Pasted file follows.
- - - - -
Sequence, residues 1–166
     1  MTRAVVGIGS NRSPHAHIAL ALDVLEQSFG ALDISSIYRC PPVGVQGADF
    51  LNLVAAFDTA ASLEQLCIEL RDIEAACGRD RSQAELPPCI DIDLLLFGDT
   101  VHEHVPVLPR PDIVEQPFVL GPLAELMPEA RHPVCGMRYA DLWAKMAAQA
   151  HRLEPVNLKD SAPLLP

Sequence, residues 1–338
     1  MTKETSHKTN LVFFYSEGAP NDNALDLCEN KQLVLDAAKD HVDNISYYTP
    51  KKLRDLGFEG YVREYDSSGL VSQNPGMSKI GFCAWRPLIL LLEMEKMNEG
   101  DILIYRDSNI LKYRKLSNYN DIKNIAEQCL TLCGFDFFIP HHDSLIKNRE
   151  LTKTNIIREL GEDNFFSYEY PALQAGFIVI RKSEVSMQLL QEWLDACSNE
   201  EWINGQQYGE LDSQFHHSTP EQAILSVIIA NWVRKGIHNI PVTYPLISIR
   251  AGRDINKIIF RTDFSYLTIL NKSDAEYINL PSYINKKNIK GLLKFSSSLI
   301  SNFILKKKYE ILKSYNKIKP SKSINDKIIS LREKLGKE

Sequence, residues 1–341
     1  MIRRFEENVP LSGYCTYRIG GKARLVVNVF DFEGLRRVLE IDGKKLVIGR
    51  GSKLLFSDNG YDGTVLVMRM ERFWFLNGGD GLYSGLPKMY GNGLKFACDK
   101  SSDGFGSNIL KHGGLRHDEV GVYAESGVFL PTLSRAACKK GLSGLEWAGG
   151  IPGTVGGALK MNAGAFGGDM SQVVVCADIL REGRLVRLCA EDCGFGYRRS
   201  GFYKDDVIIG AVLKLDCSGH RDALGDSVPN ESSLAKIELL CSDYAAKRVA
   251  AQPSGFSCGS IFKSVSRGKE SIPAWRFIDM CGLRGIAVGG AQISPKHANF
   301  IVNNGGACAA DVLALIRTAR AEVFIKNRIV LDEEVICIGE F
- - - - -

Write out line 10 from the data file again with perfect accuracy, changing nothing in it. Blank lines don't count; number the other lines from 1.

   151  LTKTNIIREL GEDNFFSYEY PALQAGFIVI RKSEVSMQLL QEWLDACSNE